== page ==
Msunduzi’s long-term plan to tackle illegal dumping

2014-01-20 00:00

THERE is finally a long-term plan to tackle the scourge of illegal dumping in Pietermaritzburg, after years of complaints.

However, residents will have to wait a while longer for action as the waste management section needs the resources to implement the plan.

The city’s rubbish-strewn streets have long been an embarrassment to city residents. James Arnot of Claridge once reported that a bus with tourists from Denmark had stopped so that the visitors could take photographs of the rubbish on the Otto’s Bluff road. This is one illegal dump site that has been repeatedly cleaned by the municipality only to get dumped on again. Claridge residents grew tired of complaining to no effect. In December, city businessman Vishad Deeplall could not take the mess any longer and cleaned up the area himself.

Lee-Ann Todd, who lives on the Wartburg road, has repeatedly highlighted the fact that Msunduzi was losing the battle against illegal dumping. The staff and pupils of Northbury Park in Northdale cringed with embarrassment as more than 20 visitors from the United States had to navigate their way past an unsightly illegal dump site to get to their school.

A report to the Executive Committee (Exco) on Thursday revealed why illegal dumping has become a huge problem to the city. The reasons included:

• The shrinking allocation of funds over the years to the waste management unit to tackle illegal dumping: this has resulted in the mushrooming of new sites.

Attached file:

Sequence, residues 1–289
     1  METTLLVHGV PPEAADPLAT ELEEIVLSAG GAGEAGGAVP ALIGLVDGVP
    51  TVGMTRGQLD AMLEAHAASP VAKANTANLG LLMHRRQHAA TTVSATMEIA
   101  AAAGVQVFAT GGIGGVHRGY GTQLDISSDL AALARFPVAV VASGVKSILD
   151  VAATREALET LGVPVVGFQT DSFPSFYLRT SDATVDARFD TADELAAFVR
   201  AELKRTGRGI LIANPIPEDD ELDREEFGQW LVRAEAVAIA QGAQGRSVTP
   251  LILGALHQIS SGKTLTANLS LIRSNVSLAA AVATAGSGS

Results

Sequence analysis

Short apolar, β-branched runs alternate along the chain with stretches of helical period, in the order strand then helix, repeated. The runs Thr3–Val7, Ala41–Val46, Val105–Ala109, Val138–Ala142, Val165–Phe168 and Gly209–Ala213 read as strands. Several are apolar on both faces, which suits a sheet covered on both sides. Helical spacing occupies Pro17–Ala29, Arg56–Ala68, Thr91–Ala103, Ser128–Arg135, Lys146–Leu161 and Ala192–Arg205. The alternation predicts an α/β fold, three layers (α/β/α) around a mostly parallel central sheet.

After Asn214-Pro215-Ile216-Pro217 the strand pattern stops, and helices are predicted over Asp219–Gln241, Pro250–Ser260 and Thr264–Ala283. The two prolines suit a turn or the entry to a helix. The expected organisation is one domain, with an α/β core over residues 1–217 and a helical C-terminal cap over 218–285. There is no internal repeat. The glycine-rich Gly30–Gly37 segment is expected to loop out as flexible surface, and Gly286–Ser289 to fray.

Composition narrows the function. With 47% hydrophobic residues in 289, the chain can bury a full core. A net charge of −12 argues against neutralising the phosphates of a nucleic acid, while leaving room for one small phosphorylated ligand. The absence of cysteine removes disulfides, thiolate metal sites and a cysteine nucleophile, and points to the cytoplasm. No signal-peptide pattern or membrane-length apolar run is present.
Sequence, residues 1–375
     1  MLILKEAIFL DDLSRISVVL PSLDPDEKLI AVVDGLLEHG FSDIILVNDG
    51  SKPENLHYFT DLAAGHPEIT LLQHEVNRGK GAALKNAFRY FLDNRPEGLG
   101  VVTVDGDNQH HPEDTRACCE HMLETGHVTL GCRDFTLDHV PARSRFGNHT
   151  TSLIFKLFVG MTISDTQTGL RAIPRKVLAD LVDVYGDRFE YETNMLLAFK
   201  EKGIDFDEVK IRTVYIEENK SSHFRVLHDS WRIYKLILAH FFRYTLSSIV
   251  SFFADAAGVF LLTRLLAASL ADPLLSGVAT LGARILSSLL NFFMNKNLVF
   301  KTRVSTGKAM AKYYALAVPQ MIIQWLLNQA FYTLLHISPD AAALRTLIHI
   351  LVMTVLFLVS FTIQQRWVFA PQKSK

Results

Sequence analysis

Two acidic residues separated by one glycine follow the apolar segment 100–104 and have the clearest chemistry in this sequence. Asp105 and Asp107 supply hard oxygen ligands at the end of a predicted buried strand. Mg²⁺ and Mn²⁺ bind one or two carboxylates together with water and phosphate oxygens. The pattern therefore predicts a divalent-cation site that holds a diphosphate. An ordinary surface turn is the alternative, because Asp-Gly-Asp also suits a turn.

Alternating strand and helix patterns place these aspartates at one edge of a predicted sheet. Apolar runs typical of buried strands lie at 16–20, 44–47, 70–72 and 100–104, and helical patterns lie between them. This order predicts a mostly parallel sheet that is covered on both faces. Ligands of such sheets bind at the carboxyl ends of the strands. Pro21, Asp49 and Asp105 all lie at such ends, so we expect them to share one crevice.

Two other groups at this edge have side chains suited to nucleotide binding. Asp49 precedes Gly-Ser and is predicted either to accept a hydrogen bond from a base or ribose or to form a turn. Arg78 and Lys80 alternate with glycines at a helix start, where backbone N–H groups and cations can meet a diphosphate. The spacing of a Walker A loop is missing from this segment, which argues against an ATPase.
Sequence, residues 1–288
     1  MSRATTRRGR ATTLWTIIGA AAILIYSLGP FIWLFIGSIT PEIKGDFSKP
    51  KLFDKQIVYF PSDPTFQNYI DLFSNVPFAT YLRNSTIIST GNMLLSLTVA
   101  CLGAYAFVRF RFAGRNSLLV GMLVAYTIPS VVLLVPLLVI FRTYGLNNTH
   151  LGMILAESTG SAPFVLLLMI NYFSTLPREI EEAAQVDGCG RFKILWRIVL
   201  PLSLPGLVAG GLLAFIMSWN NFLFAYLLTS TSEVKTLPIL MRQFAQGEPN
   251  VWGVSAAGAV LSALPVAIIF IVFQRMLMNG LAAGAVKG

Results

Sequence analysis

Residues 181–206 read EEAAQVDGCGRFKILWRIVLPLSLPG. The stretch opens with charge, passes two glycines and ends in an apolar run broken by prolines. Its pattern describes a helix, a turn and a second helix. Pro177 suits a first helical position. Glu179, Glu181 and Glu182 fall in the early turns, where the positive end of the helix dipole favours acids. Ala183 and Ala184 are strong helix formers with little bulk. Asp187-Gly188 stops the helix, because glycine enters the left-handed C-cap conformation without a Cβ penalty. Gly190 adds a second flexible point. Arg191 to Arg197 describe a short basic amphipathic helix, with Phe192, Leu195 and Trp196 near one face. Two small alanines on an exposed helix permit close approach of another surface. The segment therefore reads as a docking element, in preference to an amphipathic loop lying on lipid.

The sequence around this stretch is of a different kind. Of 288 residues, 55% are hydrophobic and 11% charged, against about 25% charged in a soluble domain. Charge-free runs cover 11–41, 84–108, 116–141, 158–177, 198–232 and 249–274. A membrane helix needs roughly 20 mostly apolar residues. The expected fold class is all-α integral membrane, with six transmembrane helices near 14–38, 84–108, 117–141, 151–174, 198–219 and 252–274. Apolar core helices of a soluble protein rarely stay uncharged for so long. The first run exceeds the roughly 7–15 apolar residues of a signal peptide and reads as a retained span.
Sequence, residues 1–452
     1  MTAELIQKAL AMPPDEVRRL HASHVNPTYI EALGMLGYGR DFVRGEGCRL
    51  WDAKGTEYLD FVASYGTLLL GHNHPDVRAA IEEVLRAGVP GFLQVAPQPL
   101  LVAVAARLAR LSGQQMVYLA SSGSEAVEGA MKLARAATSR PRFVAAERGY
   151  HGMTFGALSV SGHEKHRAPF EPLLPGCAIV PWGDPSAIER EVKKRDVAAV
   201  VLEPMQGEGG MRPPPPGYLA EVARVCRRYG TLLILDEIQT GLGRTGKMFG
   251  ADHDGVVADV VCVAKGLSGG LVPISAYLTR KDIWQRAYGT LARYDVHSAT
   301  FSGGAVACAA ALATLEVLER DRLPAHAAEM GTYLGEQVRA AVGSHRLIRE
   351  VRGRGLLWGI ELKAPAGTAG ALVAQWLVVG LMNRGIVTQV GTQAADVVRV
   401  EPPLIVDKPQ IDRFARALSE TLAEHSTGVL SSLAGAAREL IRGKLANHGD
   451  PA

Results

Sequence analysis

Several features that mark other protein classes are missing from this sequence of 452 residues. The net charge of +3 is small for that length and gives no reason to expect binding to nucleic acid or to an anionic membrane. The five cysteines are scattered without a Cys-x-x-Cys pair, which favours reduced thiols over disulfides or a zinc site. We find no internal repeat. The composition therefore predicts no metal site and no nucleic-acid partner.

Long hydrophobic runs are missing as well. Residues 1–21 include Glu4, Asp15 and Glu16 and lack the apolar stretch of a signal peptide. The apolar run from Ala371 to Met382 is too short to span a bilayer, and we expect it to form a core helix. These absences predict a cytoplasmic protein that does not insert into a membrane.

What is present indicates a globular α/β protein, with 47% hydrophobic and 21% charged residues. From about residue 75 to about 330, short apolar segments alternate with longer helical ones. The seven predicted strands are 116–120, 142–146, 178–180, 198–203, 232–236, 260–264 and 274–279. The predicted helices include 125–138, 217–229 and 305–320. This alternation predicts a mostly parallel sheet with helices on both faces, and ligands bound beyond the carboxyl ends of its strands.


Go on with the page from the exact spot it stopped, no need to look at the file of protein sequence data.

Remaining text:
• The non-enforcement of by-laws: Richard Rajah from waste management, who wrote the report, said the under-resourced unit did not have the staff to investigate and prosecute illegal dumpers, and as a result those who are caught get off lightly. Rajah said residents know this and therefore take advantage. He also felt that the by-laws needed to be re-written.

Rajah noted that the city did not have adequate provision to deal with bulky items such as old fridges, stoves, broken furniture and building rubble. He said the high cost of transport to the dump site resulted in residents opting to dump these illegally.

The long-term plan proposes an integrated approach where waste management works with the municipality’s environmental health, parks and traffic and security units to tackle the problem. It proposes:

• The setting up of a dedicated illegal dumping unit with at least 10 staff;

• A revision of the by-laws;

• Funding for more equipment;

• Prioritisation of recycling facilties;

• Legalising some illegal dump sites by fencing, providing a skip and site attendant;

• The establishment of playlots and parks;

• The establishment of community gardens; and

• Greater effort on education and awareness on attitudes and behavioural change on keeping the city clean.

The community services portfolio committee has called for a more detailed implementation plan on how this long-term solution can be put into effect. It has also recommended that the deputy municipal manager for community services visit Johannesburg to investigate the extreme parks project. This project involves reclaiming neglected vacant land in suburbs that have become dump sites.

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